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The evolution of catcher David Ross over the years

A look at David Ross over the years...

David Ross is retiring after one more season as the backup catcher for the Chicago Cubs.

As a result, teammates Anthony Rizzo and Kris Bryant have set up an Instagram account chronicling Ross’ final season. On Thursday, the team bought the 14-year veteran a mobility scooter and robot caddy to help him carry his bats around Spring Training.

Behind all the jokes and gray hair, there was once a seventh round draft pick out of the University of Florida who started his career in Los Angeles. Here is a look back at the many looks of David Ross over the years.

2002 – Los Angeles Dodgers: .200, one home run, two RBIs (8 games)

2003 – Dodgers: .258, 10 home runs, 18 RBIs (40 games)


Look at this fresh young man, ready to take on the world. I bet he will remain young forever!

2004 – Dodgers: .170, five home runs, 15 RBIs (70 games)


2005 – Pittsburgh Pirates, San Diego Padres: .240 batting average, 3 home runs, 15 RBIs (51 games)


Two teams in one year is going to age a man, even if you only appear in 51 games.

2006 – Cincinnati Reds: .255 batting average, 21 home runs, 52 RBIs (90 games)


2007 – Reds: .203 batting average, 17 home runs, 39 RBIs (112 games)


2008 – Reds, Boston Red Sox: .225 batting average, three home runs, 13 RBIs (60 games)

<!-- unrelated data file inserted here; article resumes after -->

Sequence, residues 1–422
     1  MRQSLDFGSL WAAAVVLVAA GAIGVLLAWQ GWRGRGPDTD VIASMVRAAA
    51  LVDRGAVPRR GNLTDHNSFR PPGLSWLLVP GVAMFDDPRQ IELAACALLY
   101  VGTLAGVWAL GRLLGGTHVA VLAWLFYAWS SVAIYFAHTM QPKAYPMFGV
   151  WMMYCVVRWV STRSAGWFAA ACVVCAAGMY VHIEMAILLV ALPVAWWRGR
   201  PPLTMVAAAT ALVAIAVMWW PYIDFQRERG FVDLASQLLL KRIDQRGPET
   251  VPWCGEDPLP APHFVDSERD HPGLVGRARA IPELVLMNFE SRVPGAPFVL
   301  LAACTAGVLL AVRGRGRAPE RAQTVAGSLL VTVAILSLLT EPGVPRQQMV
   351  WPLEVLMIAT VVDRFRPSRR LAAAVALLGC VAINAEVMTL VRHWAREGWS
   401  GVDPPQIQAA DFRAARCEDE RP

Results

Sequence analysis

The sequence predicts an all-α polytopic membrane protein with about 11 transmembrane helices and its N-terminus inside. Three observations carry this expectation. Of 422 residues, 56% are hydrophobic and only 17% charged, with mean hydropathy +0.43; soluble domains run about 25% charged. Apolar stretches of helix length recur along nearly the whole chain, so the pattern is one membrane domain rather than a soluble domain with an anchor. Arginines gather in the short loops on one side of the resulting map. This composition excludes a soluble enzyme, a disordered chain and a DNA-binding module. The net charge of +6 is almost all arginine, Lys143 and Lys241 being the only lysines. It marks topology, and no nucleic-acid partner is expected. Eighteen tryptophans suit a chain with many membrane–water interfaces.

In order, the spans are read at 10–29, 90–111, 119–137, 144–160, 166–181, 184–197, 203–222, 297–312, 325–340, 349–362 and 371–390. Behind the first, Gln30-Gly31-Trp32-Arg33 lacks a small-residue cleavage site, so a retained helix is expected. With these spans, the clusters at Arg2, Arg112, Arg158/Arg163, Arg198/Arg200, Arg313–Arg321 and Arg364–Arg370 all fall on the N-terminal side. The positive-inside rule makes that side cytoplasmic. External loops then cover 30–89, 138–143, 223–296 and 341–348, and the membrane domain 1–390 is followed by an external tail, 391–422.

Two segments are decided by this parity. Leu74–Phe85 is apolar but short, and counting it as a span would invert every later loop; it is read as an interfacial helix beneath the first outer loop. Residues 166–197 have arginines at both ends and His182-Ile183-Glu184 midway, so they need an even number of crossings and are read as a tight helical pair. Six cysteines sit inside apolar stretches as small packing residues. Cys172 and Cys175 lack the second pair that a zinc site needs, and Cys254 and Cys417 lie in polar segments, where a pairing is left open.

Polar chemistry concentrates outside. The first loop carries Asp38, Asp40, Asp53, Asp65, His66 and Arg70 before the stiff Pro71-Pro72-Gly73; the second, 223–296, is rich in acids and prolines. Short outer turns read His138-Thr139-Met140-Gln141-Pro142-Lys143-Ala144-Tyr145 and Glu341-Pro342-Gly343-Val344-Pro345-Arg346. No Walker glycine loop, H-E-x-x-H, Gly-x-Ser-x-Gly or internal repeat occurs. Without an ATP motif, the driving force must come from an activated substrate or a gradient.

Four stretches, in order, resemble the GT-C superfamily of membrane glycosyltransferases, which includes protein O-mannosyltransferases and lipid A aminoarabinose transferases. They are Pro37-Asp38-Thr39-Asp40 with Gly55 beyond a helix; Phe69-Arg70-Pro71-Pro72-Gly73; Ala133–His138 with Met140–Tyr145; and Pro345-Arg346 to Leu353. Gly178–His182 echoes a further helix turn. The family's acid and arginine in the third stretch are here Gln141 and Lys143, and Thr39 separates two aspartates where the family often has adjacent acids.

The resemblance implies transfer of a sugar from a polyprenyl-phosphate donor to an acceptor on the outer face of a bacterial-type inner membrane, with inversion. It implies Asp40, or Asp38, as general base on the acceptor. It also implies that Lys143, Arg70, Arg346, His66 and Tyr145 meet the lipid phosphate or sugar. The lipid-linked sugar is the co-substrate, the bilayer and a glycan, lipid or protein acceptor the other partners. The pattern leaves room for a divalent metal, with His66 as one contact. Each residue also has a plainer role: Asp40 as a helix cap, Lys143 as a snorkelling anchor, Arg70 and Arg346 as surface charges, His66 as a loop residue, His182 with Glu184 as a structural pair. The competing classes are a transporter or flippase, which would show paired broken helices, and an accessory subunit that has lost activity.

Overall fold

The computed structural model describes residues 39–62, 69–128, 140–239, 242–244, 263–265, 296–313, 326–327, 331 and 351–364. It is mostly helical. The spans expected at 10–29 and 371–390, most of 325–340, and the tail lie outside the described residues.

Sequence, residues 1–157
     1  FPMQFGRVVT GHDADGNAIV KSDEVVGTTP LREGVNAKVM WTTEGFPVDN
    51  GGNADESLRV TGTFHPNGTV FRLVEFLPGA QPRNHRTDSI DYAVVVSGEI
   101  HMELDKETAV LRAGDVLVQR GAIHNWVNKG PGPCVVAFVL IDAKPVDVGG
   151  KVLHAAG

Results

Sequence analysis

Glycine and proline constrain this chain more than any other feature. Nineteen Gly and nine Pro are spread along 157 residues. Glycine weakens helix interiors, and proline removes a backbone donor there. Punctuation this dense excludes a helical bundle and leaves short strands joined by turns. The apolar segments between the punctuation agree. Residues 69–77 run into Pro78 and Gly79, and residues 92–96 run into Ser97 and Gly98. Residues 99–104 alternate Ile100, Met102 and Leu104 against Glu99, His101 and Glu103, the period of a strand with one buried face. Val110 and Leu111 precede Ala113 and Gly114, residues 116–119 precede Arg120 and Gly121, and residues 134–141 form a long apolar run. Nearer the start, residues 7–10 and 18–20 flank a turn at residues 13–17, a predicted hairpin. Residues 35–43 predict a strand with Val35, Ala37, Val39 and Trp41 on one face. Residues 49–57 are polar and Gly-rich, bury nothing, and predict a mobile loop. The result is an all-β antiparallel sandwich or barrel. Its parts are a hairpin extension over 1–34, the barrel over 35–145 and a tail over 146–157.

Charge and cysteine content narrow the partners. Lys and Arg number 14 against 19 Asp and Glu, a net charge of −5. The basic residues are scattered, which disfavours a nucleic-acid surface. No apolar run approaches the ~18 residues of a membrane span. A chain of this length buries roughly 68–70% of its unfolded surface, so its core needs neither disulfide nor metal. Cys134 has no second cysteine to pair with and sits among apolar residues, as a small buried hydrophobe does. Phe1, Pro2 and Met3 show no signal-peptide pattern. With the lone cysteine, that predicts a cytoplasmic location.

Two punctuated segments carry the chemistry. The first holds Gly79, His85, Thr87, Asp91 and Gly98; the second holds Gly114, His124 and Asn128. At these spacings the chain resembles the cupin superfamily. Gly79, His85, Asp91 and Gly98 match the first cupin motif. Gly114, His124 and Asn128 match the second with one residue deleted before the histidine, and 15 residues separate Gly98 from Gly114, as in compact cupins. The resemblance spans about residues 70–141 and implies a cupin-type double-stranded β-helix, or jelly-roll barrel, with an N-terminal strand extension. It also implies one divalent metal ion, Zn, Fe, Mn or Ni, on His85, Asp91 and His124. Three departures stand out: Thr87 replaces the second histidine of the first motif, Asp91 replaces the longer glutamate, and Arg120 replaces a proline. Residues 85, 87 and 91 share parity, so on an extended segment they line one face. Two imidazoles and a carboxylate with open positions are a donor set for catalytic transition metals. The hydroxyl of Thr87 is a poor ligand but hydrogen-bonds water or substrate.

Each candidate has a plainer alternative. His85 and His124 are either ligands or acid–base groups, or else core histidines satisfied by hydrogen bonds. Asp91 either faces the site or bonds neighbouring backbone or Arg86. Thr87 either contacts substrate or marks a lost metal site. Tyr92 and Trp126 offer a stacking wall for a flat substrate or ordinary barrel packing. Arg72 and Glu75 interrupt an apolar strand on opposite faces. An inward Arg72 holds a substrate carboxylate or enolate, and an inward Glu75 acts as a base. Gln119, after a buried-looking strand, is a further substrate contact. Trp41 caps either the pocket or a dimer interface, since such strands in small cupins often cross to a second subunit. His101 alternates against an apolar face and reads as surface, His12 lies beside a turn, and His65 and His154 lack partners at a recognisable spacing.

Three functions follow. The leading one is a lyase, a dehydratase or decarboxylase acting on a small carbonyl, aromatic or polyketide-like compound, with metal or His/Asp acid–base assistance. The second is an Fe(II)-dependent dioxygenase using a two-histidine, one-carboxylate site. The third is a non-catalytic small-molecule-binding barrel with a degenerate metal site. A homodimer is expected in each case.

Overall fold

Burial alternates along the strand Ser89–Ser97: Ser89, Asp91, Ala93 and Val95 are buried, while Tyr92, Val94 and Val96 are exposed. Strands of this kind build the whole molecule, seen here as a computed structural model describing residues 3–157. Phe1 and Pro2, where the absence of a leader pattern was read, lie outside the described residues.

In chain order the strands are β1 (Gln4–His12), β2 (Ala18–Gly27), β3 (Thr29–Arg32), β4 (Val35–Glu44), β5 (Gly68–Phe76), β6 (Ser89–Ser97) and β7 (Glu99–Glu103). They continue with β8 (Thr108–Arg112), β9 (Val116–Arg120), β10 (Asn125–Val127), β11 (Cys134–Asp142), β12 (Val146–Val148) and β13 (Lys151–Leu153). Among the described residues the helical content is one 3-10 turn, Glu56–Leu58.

2009 – Atlanta Braves: .273 batting average, seven home runs, 20 RBIs (54 games)


From our exhaustive study, 2009 seems to be the year Ross officially transitioned into the journeyman veteran role. Look at the stubble. That stubble lets you know this guy has seen a few things in his time in the league.

2010 – Braves: .289 batting average, two home runs, 28 RBIs (59 games)


2011 – Braves: .263 batting average, six home runs, 23 RBIs (52 games)


2012 – Braves: .256 batting average, nine home runs, 23 RBIs (62 games)


Here is a photograph of Ross waving goodbye to his youth, he is an old baseball player now, and it turns out the role suits him very well.

2013 – Red Sox: .216 batting average, four home runs, 10 RBIs (36 games)


2014 – Red Sox: .184 batting average, seven home runs, 15 RBIs (50 games)


2015 – Chicago Cubs: .176 batting average, one home run, nine RBIs


Upon joining the youthful Cubs roster, Ross is given a chance to share his hard-earned baseball wisdom while fondly remembering his days as a young person.

2016 – Chicago Cubs: TBD


Projected: A billion home runs